The Tragic Story Of Jessica Chastain's Younger Sister

The following article discusses mental health and drug use.

Jessica Chastain has it all: fame, talent, millions to her name, and an Oscar under her belt. But "The Eyes of Tammy Faye" star started out with all the odds stacked against her. Born to a 16-year-old and 20-year-old, Chastain was raised amid adversity, according to Us Weekly. A rock musician named Michael Monasterio, Chastain's father was never in the picture, which is why she has her mother's last name. Her mother raised her and her siblings in northern California the best way she could. "It was really, um, it was not what you would expect. When people see me, I think they expect a different background than I have," she told The Times in January.

Despite her mother's best efforts, the family often had to take desperate measures. "We stole food at the store because we didn't have any money," Chastain told ES Magazine in 2017. It wasn't exactly a secret. "Some people knew she was doing it but didn't stop her," she said. "So there is kindness everywhere. We're okay now because people were protecting her."

Knowing her family could never afford to send her to acting classes, Chastain offered to work at the local performing arts school in exchange for tuition. "There were people that saw I was struggling as a kid and they helped me," she told The Times. Chastain clawed her way out of that harsh reality, but tragedy continued to strike her and her family. This is particularly true about her sister, Juliet. 

Jessica Chastain's sister died by suicide

A scholarship awarded by Robin Williams allowed Jessica Chastain to study at the prestigious Juilliard School, something she would have been unable to do without the financial help. "He made it possible for me to graduate college. His generous spirit will forever inspire me to support others as he supported me," she wrote on a Facebook post in August 2014 (via Entertainment Tonight). Through hard work and the help she received along the way, Jessica carved out a prosperous future for herself. But not everyone in her family had the same luck.

Her younger sister, Juliet Chastain, suffered from addiction and mental health conditions from an early age. Three days before Jessica graduated from Juilliard, her sister died by suicide at 24. "She had struggled a long time with drug abuse, and she had a lot of attempted suicides, but you never really think this is going to happen ... And when you get the call, it's... shocking," Jessica told Modern Luxury in 2016.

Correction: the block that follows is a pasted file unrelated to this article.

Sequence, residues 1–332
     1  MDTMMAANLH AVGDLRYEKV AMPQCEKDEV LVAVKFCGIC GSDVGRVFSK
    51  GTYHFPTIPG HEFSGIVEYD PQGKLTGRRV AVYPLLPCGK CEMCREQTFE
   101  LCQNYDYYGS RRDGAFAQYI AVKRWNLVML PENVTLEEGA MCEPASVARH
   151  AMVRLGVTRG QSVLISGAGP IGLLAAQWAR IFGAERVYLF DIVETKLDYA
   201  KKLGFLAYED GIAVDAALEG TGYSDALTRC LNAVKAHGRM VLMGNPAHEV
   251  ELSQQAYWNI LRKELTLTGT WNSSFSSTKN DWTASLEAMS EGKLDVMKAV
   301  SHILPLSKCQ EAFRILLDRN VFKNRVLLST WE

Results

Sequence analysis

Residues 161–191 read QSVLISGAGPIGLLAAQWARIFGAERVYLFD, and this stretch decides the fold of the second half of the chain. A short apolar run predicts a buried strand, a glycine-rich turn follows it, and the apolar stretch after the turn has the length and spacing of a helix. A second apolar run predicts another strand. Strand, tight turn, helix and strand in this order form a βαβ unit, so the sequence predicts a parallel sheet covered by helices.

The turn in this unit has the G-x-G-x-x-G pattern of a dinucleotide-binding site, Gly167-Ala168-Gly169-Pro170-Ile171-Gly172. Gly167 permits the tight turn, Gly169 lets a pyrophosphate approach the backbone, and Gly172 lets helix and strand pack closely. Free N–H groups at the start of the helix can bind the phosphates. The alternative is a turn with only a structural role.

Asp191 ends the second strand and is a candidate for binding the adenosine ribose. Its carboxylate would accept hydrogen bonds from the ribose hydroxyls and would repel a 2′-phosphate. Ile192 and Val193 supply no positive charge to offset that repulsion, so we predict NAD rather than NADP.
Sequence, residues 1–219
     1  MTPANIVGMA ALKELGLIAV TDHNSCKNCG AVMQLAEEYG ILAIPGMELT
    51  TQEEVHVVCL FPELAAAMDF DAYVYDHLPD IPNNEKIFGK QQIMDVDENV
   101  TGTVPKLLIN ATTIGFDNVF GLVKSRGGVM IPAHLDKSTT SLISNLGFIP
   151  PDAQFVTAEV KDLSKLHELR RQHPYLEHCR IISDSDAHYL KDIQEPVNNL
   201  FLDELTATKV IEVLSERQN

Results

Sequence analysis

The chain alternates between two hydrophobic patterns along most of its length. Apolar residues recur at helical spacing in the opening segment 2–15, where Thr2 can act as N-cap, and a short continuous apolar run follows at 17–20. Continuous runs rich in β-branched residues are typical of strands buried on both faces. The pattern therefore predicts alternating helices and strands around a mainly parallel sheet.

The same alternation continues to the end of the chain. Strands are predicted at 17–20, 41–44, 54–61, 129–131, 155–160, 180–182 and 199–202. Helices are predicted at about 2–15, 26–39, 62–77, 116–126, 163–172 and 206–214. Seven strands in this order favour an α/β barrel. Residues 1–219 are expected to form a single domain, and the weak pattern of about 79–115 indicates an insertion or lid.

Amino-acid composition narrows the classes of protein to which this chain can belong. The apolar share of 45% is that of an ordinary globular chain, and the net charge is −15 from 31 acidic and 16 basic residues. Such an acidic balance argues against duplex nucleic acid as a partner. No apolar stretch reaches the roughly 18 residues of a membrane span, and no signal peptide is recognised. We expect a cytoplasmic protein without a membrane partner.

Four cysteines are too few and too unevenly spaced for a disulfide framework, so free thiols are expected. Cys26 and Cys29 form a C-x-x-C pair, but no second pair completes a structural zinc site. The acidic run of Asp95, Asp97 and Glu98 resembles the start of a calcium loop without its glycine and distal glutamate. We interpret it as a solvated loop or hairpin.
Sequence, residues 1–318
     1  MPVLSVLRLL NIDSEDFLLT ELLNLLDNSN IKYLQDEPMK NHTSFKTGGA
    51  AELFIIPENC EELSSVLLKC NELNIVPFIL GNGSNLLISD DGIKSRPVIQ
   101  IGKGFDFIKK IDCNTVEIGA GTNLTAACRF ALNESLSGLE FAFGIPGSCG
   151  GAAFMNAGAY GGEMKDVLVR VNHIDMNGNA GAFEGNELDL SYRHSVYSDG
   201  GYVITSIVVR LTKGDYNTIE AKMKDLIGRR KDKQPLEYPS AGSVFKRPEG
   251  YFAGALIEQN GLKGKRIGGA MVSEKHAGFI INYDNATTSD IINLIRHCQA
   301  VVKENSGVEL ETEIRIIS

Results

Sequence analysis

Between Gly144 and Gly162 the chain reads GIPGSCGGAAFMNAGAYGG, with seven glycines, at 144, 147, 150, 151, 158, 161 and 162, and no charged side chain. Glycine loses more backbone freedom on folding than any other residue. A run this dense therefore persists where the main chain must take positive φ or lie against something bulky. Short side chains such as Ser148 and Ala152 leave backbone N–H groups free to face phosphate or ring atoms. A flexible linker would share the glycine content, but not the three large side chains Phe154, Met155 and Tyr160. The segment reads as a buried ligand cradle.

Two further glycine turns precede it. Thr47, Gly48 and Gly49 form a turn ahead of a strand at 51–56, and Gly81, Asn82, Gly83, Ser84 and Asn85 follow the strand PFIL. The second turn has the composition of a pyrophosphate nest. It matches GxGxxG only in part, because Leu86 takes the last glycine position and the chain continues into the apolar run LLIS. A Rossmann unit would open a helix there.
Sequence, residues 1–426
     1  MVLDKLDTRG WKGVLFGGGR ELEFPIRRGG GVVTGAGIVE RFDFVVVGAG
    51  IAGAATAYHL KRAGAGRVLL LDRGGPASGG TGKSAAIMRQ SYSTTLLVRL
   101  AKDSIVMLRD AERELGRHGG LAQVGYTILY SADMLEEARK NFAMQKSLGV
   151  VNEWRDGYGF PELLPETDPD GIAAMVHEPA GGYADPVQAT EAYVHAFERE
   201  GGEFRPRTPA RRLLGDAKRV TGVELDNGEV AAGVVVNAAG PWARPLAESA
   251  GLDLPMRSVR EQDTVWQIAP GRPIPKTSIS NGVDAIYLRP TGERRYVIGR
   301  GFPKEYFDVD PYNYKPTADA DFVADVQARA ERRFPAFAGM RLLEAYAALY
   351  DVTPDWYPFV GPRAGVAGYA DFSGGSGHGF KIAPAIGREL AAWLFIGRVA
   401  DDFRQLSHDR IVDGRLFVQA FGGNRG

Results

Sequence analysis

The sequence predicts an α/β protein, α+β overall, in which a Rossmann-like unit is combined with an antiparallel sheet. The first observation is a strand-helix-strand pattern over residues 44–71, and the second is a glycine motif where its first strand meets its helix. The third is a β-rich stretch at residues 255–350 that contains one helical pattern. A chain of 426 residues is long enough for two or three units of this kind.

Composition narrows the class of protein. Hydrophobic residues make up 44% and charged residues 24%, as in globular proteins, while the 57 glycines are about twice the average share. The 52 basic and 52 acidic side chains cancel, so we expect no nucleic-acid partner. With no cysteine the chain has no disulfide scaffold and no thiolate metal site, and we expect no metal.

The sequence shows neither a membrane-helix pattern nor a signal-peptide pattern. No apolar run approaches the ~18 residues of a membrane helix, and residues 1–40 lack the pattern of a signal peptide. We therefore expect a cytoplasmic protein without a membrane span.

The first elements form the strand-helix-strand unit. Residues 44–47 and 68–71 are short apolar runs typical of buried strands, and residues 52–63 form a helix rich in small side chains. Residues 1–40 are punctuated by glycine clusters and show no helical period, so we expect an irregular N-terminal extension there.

Juliet died at the home of Michael Monasterio, with whom she had recently reconciled — something Jessica never did, Daily Mail reported. "Losing my sister did bring us together as a family," she told ES Magazine. Juliet's death also gave Jessica another perspective on life. "It completely changed the person I am. A movie, Oscars, a dress, if someone thinks I'm stupid ... I realized nothing is that important," she told InStyle in 2014 (via Page Six).

Juliet's death inspired Jessica Chastain's activism

In addition to acting, Jessica Chastain is also an advocate for causes that are close to her heart. Among them is mental health, which she supports through To Write Love on Her Arms, a nonprofit organization that helps those suffering from substance abuse, depression, and suicidal thought. The actor came across the NGO about a decade ago. "I started searching online ... my sister killed herself. And that is in my history," she told Yahoo.

The experience urged her to take action to prevent similar tragedies from happening. "For me, suicide is a very important issue. If I can do anything to help someone move through any darkness that they're in, I'm gonna do whatever I can to help," she added. Losing her sister also inspired her to change the way mental health is normally portrayed and understood. "I have so much empathy for people struggling with depression. Because society doesn't really understand it," she told ES Magazine.

The problem becomes glaring when celebrities are afflicted. "I noticed that with Robin Williams and Philip Seymour Hoffman," she added. (Williams died by suicide while Hoffman died from an accidental drug overdose.) "They're made to feel like they're being selfish." This attitude exacerbates the problem because those struggling with mental health conditions often try to hide it. "If someone is dealing with depression, you can't trust that person to reach out to you in a society that doesn't really welcome that," she told Yahoo.

If you or anyone you know is having suicidal thoughts, please call the National Suicide Prevention Lifeline by dialing 988 or by calling 1-800-273-TALK (8255)​.